This is your taste in music and I don't want to slam it. How you judge "Sister Ray" or "When Big Joan Sets Up" as masterpieces over songs like that are very Avant like and experimental in songs like "Tomorrow Never Knows" or "Revolution #9 is beyond me? What is your criteria? If it's Scaruffi than it has to be right. I contend the man does not know anything about music theory.

Most groups like your Doors or the Velvet Undergound were using the basic drum, guitar, organ lineup. The Beatles experimental rock sound was utterly unique in using Indian Instruments, backward tape, musique concrete, Tape loops, electronica and vocal through guitar speakers what in 1966. Well in the case of the Velvet Underground they did use viola drones.

Songs like "A Day in the Life" or "Within You Without Your" are easily as different and experimental than the the Doors, The Velvet Underground and Pink Floyd. People think that the stranger you sound the more experiemental you are you know that's rubbish. The Beatles were experimenting with musique concrete, Classical Indian and Avant Garde. I hear nothing but extended drones and feedback on many of the tracks on VU first two albums.

The Doors first album is higly overrated its basic structure is blues music with Psychedelic overtones. Other than the "The End" the album is dated and not really that Progressive. Early Pink Floyd who I like very psychedleic sounding and innovative but the really Pipers sounds as dated as The Doors.

Here are some Beatles songs Afterhours being a Scarrufite devotee that might fit your taste.

"Tomorrow Never Knows"- A song that's way ahead of it's time and a influence on various genres. Three minutes of pure dissonance and foreign influences.
"Love You Too- Yeah how many rockers were combining Classical Indian with avant music.
"Strawberry Fields Forever"- really must I comment.
"A Day in the Life- Modern Atonal orchestration. Multiple part song with multiple part time signatures. The First Progressive Rock Song?
"You know My Name"(Look up the Number)- The full version On Anthology 2 with the Ska part in the middle eight.
"What's the New Mary Jane""- Musique concrete and avant piece. Did Syd Barret partner the Beatles on this track?
"Revolution # 9"- A total avant piece and basically made of samples
"Wild Honey Pie"- This song might be worthy of Captain Beefhart. LOL

Well, I understand your viewpoint. Simply put, we just disagree on pretty much everything regarding music and I'm totally fine with that. You should make your own list(s) and establish your own community of people who agree with your tastes and enjoy discussing the Beatles accomplishments with you. There are tons of them around as the Beatles are fantastically popular and loved. I am not too interested in addressing your points as, based on previous attempts, it is not likely to go anywhere productive. Those are all fine Beatles songs. Revolution 9 is a masterpiece to me and is already on the list. Thanks.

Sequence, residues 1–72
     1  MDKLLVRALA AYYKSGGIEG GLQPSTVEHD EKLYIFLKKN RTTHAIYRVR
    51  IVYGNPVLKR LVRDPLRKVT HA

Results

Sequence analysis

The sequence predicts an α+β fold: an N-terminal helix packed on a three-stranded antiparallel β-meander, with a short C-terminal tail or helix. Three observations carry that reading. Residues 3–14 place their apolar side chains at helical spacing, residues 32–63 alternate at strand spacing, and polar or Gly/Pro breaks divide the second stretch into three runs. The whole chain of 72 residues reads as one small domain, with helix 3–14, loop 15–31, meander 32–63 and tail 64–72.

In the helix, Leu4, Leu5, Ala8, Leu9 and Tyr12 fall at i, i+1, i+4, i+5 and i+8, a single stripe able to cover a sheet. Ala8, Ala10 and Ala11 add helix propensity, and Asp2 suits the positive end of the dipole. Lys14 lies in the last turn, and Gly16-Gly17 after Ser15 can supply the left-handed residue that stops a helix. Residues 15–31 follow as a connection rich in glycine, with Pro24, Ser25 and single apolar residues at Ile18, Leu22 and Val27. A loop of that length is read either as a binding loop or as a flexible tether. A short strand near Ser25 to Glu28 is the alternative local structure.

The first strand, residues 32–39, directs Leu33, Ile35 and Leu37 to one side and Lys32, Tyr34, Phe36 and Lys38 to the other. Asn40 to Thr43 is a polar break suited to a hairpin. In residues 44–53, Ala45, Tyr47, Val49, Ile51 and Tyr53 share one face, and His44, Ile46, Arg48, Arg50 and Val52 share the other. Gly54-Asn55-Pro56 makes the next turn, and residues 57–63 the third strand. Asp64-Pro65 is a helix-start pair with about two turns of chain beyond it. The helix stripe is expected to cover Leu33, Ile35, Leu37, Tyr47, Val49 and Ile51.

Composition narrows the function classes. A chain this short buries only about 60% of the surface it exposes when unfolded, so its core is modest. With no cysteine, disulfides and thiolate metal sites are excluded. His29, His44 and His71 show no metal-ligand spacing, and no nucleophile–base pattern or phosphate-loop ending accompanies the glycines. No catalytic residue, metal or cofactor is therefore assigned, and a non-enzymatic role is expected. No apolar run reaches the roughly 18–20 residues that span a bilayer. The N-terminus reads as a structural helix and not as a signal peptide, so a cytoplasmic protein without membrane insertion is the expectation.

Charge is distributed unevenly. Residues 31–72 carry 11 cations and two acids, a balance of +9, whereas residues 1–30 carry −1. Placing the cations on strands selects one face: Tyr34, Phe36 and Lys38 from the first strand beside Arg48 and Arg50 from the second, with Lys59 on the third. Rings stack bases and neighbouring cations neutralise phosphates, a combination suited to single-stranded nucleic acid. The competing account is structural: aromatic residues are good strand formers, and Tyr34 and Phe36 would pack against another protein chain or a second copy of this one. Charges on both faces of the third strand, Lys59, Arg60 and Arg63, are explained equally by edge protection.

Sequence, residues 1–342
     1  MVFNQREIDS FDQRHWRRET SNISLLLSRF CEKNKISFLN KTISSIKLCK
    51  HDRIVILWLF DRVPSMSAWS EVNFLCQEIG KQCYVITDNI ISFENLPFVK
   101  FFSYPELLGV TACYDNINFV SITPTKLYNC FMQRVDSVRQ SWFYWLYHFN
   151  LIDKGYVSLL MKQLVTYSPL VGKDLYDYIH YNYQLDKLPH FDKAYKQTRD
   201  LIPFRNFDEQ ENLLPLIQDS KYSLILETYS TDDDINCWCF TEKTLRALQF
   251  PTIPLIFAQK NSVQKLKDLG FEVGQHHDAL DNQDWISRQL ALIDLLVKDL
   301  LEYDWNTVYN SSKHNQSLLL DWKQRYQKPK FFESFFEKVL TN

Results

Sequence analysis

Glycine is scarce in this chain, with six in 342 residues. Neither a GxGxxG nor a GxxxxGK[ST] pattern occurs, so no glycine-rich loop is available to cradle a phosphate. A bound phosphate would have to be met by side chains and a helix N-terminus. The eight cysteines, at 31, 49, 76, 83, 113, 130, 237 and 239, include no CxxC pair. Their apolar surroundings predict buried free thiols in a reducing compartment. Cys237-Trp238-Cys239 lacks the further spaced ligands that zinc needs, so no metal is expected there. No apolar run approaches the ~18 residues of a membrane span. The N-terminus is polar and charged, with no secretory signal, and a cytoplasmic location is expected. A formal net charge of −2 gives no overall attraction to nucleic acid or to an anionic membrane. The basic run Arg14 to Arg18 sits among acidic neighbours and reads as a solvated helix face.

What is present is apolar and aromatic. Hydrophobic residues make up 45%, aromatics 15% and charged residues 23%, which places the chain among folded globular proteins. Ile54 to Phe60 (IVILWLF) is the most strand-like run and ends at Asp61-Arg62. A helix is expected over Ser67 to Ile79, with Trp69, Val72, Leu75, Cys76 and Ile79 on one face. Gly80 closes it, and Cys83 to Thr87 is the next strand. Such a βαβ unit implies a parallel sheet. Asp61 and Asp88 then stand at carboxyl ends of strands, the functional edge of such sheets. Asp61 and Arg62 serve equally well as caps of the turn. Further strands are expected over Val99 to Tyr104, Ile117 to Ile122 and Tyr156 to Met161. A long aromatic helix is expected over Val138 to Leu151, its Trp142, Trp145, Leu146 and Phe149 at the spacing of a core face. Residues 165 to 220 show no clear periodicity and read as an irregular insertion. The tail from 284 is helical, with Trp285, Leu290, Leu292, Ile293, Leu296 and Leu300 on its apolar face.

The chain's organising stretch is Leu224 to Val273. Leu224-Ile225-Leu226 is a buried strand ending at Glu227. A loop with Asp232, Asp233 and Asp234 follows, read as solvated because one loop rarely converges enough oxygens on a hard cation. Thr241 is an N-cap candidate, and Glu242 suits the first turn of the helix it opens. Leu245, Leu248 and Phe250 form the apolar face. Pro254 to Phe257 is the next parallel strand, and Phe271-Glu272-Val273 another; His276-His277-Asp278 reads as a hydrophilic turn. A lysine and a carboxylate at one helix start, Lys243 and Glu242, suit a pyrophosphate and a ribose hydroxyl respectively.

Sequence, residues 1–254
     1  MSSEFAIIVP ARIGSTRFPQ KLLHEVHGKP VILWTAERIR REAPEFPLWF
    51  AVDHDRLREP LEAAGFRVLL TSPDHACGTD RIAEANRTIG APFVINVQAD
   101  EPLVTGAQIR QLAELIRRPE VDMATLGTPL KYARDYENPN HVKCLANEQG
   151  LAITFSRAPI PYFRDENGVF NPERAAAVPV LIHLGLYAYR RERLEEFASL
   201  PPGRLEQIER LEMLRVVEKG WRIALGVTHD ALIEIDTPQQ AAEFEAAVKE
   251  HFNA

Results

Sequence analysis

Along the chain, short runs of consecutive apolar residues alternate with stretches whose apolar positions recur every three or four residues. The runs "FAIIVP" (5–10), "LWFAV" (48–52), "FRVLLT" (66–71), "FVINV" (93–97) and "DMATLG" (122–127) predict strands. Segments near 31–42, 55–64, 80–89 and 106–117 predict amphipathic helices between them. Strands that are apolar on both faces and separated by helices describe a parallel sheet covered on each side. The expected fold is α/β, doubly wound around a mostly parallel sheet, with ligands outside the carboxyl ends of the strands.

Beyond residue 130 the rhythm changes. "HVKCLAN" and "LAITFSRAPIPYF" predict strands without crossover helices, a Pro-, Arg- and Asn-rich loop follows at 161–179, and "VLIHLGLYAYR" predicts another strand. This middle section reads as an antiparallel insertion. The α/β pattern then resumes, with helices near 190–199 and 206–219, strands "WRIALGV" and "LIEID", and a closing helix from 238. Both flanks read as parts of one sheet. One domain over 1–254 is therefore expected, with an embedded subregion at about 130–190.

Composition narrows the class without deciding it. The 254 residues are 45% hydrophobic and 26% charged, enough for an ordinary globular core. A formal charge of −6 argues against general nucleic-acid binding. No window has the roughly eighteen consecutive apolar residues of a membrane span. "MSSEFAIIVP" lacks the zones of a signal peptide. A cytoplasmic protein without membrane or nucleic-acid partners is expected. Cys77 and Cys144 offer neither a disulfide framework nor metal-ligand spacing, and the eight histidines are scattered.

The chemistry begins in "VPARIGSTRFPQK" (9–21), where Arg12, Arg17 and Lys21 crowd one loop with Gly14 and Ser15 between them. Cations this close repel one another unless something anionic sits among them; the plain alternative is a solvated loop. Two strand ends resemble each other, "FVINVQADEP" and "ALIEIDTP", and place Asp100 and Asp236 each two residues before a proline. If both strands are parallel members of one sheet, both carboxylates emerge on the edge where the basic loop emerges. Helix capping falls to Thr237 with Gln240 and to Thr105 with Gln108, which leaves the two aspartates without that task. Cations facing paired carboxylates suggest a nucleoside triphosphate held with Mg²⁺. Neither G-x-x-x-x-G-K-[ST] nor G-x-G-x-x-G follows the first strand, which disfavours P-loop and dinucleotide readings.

Ok I don't agree with you but I will leave it that. Where is Revolution 9 on this list?

Oh maybe I forgot to update it onto this one. You can find it on the other one with Classical added. I'll add it to this one during my revisions I'm working on. Thanks for noticing that.

No Grateful Dead? You should check out Dark Star of Live/Dead. It's nearly as good as Sister Ray as far as jamming, improvised rock songs go. It's the perfect embodiment of the Grateful Dead's "Acid tests".

Thanks for reminding me. It's been on my list of "to do's" for far to long now. I don't doubt it will make it on here when I get around to it.

It's on there now. Thanks again. ( :

I don't understand what's better about Voodoo Chile than 1983 by Hendrix? The latter is far more emotional and more joined as one piece, whereas Chile is disjointed and unnecessary...

Good question. Both are astonishing...

"disjointed and unnecessary" could just as well describe virtually all of free jazz and the entirety of Twin Infinitives/Uncle Meat/Parable/Escalator/TMR, ad infinitum, so I think this is more part of it's appeal rather than otherwise. To me, 1983 is an 8.5/10 though I need to listen to it again before placing it. I simply find the frenzied eruptions of Voodoo Chile more emotional than the deft echoing pathos and gradual build up of 1983 (to me his 2nd greatest work ahead of Third Stone From The Sun) though I've gone either way in the past, so I wouldn't be surprised if I change my mind.

And here we go ...! (rock only, in random order)
----
* Perfect Day - Lou Reed
* Aggregate - Forookesh
* Everything Gets Fucked Up - Forookesh
* Mohammad's Birthday - Forookesh
* Humor Me - Pere Ubu
* Stairway To Heaven - Led Zeppelin
* I Want You - Bob Dylan
* Sad Eyed Lady Of The Lowlands - Bob Dylan
* Paranoid - Black Sabbath
* St. Elmo's Fire - Brian Eno
* Halleluwah - Can
* Paperhouse - Can
* Mushroom - Can
* Yoo Doo Right - Can
* Abba Zabba - Captain Beefheart
* Electricity - Captain Beefheart
* One Red Rose That I Mean - Captain Beefheart
* Moonlight On Vermont - Captain Beefheart
* Jolene - Dolly Parton
* Monster Walks The Winter Lake - David Thomas
* Light My Fire - The Doors